We are often asked the question, “What is Adaptive Data Loss Prevention, and how is it different from traditional DLP?” Many security folks are familiar with DLP and its benefits and drawbacks, but they aren’t aware of an alternative that can provide all of the benefits with far fewer obstacles. Let me enlighten you.
What is Traditional DLP?
Data Loss Prevention, or DLP, has been around for over a decade and is a mixture of policy and process, coupled with technology to ensure sensitive data is not leaked outside an organization or shared without the proper authorization. The technology is designed to stop breaches in their tracks by identifying sensitive information and then quarantining anything that might be deemed a possible risk by the IT department. It can then be reviewed and released if it does not pose a risk. While this approach has served its purpose as in immediate stop-gap solution in severe situations, it has proven to be extremely burdensome and costly for most organizations by trapping countless emails, file sharing attempts and business communications in a holding pattern. This causes a huge backlog for IT to slog through, as most of the quarantined files are false positives, held in error. The result is a slowing down of important client correspondence. Traditional DLP technologies have caused so much frustration, that it’s not uncommon for a company to deploy a DLP solution and then turnaround and disable it because it was causing such a hassle for business operations and employees. This makes DLP possibly one of the most costly “shelfware” IT security solutions in history.
Unfortunately, DLP is needed now more than ever. With more advanced cyber-attacks, more critical applications being hosted in cloud, and the adoption of collaboration tools in a Shadow IT-fashion like DropBox, Google Drive or Box, organizations have never been at a higher risk of losing sensitive information. Additionally, the proliferation of new communications tools in the form of social media, mobile personal devices and BYOD policies, also make it even more important than ever to put a companywide emphasis on security. These applications that help workers be more productive, come with inherent risks that every user in an organization needs to be aware of. The main problem is that if employees feel that DLP slows them down and hurts their ability to do business, they won’t use it. Businesses have adapted and continue to do so, security solutions need to do the same. This is where Adaptive Data Loss Prevention (A-DLP) comes in.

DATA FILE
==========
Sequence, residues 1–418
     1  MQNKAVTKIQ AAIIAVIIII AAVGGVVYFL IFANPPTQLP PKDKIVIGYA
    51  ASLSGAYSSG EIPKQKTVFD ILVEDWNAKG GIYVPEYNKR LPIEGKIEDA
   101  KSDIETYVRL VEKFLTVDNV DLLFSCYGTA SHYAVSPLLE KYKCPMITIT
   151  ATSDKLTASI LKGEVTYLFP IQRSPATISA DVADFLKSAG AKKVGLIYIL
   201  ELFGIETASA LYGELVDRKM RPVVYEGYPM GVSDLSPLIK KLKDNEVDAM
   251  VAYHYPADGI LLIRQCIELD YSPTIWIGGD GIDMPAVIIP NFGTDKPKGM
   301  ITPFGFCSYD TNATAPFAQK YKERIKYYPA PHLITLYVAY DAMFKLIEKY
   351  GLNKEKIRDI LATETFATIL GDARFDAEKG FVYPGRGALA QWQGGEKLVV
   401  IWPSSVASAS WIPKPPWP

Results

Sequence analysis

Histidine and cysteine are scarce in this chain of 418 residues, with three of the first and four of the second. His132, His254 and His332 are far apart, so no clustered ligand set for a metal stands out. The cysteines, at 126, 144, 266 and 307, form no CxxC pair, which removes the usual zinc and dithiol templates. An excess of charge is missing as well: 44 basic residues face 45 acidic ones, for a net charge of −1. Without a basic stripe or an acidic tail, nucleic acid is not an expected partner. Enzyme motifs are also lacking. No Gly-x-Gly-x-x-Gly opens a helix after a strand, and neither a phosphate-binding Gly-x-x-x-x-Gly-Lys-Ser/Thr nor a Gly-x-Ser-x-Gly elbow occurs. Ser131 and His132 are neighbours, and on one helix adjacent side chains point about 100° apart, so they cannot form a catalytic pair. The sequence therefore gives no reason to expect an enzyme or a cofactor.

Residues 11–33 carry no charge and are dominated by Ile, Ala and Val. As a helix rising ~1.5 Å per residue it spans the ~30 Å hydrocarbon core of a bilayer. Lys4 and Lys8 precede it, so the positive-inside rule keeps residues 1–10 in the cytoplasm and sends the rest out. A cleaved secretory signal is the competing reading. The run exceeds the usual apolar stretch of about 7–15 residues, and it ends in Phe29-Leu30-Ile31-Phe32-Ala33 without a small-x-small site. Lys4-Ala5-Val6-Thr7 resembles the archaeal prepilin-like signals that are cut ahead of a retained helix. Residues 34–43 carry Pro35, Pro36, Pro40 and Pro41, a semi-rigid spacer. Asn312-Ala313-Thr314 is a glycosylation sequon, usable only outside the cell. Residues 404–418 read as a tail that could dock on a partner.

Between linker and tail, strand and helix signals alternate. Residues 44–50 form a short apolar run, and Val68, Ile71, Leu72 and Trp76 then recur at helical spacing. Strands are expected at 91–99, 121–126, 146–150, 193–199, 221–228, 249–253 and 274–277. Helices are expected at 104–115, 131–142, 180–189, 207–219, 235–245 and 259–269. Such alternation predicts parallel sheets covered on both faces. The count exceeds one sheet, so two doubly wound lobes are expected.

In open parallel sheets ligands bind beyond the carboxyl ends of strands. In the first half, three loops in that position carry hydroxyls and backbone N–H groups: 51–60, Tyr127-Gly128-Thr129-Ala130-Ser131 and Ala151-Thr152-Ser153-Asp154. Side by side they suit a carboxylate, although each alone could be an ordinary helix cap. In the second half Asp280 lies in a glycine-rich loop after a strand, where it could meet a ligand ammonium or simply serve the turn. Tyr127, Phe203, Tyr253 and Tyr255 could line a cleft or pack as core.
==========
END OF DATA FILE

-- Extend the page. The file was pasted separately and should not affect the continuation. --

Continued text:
What is Adaptive DLP?
Adaptive DLP, or A-DLP was born out of the critical need for a DLP solution that doesn’t hinder business operations. The industry needed a solution that could deal with evolving workforce needs and new risks from information-borne threats. It would also need to understand not just the content but also the context of the communication. A-DLP is the next generation, non-disruptive solution which supports continuous collaboration, avoids business interruption and mitigates the risk of financial or reputational damage caused by the unauthorized disclosure of sensitive data wherever it lives – at the endpoint, on premise or in the cloud.